9.11.2007 6:43pm
AF:
Here's an example of appropriate emphasis:

There is a “critical difference ‘between government speech endorsing religion, which the Establishment Clause forbids, and private speech endorsing religion, which the Free Speech and Free Exercise Clauses protect.’” Rosenberger v. Rector &Visitors of the Univ. of Va., 515 U.S. 819, 841 (1995) (internal quotation marks omitted; emphasis in original).
9.11.2007 6:46pm
KeithK (mail):
A good way to look at this is to start with the assumption that you should not use exclamation points, bold, italics or whatever as a general rule. Then go ahead and make exceptions to that rule when you have good reason. Having the rule will (tend to) prevent you from the silliness of "!!!!!" or bolding every third word because you really, really mean what you're saying.
9.11.2007 7:09pm
Steve:
I think the occasional exclamation point can be effective, but probably not more than once in the same document. And you have to consider the audience; a Supreme Court brief is quite different from a submission to an arbitration panel.
9.11.2007 7:12pm
Dilan Esper (mail) (www):
AF:

That's true enough, but for every one of those in a typical brief or memorandum, there's 10 examples of either overuse of emphasis with respect to things that aren't all that important ("Plaintiff fails to allege any injury beyond a generic statement that he has been damaged.") or use of emphasis to imply some sinister point but without any explanation of what the point is (in a property proceeding in a divorce case where the only issue is the formula for dividing business goodwill: "Husband, now married for the third time, urges the Court to adopt a flatly implausible formula.").

Better to err on the side of not using it. Really, even the Rosenberger quotation would be fine without emphasis too. We can figure out the point.
9.11.2007 7:12pm
Eugene Volokh (www):
AF: Exactly.

Italics, et al.: First, I wouldn't use ellipses this way in a brief.

Second, I'm surely not against typographic signals generally. Rather, there are specific problems with signals that are aimed at providing rhetorical emphasis, and that are used in persuasive writing. The most important problem is that many readers see these signals as attempts to persuade through typography rather than through forceful argument; this annoys the reader, and diminishes the writer's credibility. A related problem is that they make the writer seem overexcited, which also diminishes the writer's credibility.
9.11.2007 7:21pm
Anonymouseducator (mail) (www):
I don't think that you need to know the distinction between transitive and intransitive verbs to be able to write effectively. You need to know that you shouldn't say "He died [anything other than a type of death]," but you don't need to be able to articulate why not. Passive/active might be more useful.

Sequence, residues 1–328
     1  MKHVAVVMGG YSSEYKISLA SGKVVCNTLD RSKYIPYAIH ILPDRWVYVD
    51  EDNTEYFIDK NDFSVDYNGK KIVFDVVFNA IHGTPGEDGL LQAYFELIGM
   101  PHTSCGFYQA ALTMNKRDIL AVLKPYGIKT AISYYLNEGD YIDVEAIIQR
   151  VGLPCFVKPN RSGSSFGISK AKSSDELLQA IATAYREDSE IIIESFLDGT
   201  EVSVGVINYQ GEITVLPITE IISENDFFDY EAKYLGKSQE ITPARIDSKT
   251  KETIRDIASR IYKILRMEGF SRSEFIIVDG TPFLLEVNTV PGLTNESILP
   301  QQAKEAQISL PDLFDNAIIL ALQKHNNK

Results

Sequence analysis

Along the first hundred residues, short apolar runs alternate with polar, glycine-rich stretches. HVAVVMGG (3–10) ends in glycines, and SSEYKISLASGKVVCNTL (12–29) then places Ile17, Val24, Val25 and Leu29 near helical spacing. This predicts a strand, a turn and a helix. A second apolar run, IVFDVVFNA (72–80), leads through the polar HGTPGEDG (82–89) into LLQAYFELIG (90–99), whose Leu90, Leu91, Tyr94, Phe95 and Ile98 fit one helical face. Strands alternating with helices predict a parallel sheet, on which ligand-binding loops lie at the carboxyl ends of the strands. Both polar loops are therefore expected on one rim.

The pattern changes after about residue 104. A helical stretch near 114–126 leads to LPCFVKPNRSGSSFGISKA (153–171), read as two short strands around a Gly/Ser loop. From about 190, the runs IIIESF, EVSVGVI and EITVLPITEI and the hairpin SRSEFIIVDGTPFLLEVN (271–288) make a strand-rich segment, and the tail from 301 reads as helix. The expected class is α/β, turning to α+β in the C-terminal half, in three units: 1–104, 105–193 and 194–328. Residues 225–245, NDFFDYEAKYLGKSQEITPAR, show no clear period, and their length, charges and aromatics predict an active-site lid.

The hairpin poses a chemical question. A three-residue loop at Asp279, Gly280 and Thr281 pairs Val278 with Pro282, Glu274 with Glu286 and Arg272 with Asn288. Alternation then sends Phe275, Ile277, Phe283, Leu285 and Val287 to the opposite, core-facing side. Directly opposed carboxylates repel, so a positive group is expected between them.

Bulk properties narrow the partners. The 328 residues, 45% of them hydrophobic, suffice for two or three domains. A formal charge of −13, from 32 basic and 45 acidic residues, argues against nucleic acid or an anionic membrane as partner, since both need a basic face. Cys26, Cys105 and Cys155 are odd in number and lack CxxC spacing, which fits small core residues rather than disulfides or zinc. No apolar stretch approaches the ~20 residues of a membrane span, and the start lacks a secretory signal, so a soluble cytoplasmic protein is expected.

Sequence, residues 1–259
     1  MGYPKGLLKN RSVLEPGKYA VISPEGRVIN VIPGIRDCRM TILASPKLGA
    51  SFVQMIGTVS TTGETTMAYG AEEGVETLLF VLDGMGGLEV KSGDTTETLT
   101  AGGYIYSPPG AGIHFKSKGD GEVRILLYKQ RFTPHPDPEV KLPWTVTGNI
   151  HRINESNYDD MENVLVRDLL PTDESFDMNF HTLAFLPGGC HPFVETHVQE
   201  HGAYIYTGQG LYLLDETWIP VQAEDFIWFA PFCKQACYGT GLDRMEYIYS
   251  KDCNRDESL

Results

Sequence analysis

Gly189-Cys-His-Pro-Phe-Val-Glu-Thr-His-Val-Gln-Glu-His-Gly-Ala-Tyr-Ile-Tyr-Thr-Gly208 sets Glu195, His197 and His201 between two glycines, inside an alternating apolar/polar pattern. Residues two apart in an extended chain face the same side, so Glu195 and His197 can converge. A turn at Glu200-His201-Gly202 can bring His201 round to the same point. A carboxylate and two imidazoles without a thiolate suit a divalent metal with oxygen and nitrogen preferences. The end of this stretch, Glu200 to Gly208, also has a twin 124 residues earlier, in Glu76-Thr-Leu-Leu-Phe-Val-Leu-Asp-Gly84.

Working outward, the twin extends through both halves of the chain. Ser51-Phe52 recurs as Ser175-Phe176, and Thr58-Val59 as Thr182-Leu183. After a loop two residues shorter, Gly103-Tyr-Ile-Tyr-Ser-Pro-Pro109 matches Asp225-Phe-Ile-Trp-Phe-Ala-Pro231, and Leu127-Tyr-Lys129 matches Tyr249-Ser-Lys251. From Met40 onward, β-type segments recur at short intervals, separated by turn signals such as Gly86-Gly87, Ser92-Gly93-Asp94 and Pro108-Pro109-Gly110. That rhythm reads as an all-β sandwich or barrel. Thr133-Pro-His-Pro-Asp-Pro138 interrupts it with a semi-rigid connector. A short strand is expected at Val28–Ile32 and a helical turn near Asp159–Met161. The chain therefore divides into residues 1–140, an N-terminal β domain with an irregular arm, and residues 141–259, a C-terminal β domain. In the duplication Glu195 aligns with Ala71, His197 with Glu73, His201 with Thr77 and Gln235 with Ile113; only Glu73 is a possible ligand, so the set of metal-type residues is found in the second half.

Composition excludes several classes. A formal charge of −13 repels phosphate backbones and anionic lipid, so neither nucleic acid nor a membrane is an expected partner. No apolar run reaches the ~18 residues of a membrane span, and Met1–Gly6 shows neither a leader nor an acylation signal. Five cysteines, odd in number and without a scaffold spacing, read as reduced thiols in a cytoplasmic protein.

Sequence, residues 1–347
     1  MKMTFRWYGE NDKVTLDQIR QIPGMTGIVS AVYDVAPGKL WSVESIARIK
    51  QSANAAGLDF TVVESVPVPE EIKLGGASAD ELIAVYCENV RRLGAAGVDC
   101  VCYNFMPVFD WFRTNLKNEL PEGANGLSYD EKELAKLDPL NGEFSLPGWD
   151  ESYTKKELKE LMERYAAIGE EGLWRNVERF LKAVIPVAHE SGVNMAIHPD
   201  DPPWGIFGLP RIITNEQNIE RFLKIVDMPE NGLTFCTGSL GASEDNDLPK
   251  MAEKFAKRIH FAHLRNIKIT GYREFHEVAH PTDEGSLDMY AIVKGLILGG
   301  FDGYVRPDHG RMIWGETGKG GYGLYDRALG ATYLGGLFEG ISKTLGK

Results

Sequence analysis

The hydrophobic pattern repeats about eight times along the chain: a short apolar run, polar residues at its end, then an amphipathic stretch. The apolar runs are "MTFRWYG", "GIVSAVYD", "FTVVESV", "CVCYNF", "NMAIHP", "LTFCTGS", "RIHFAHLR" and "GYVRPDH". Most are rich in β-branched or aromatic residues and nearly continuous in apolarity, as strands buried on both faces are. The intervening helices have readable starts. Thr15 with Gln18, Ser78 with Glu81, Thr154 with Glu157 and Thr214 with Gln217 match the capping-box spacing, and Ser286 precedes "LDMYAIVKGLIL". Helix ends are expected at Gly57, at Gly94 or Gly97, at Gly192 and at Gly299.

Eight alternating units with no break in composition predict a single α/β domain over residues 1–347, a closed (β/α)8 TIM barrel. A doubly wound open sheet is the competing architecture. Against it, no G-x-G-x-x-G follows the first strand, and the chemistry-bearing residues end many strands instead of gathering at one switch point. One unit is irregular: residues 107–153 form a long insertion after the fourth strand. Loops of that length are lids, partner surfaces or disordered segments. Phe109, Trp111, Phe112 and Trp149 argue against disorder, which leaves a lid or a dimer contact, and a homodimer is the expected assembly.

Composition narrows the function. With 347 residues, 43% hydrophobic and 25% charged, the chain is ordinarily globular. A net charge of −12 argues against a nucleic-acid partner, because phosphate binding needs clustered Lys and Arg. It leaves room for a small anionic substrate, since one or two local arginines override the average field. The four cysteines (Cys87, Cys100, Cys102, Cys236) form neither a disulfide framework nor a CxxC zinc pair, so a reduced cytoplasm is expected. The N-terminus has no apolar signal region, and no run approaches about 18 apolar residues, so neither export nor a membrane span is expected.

Subjunctive/Indicative? Come on.
9.11.2007 7:41pm
James Taranto (mail):
Yeah!!!!! Forceful arguments!!!!! Right ON, brother!!
9.11.2007 7:44pm
Randy R. (mail):
Eugene: "Second, I'm surely not against typographic signals generally."

Any ideas on when I can use the smiley emoticon in a brief? :)
9.11.2007 7:44pm
Curt Fischer:
I am not a lawyer. Do lawyers assume that courts read in detail and with full attention every sentence of all of their briefs?

In cases where (as an engineer) I often write documents that some people may simply skim but others may read in detail.

To deal this uncertainty, I find liberal bolding to be a useful tool. That is, after writing a polished document which involves no formatting, I will go through the document and bold an average of ~1 phrase or sentence per paragraph that I believe is of particular importance.

If I were positive that all my readers would read every word, however, I would skip all the bold for sure.
9.11.2007 7:46pm
Erik M. Lehnsherr:
Note to new lawyers: Heed this excellent advice-- always.

I clerked for a state supreme court justice who graciously allowed my co-clerks and I to erect and maintain a "Legal Writing Wall of Shame" on which we posted excerpts from certification petitions or merits briefs that contained particularly egregious violated the principle described by Prof. Volokh in this post.

The examples were always hilarious and searching for new additions helped relieve some of the drudgery of reading the otherwise stupefyingly bad arguments that could reliably be found in work containing good candidates for the Wall of Shame.

One example I recall quite clearly included an advocate’s desperate assertion that that the actions of an opposing party had rendered his client’s life “a LIVING HELL!!!!” Seriously: all caps, bold, underlined, with multiple exclamation points.

NB – For those who might be offended by our gentle teasing, I add that we always diligently redacted any mention of a party or attorney in the posted examples.
9.11.2007 7:47pm
Groucho Marxism:
I'm with Italics, et al.: EV entirely undermines his point with the self-satisfied sarcasm conveyed through the ellipsis. Of course one would not use 1337-speak or bloggy typography in formal writing, that is a given, but sarcasm isn't a forceful argument either. To my mind, the pregnant pause makes A look like a know-it-all who seeks to put B in his/her place. Is A a teacher?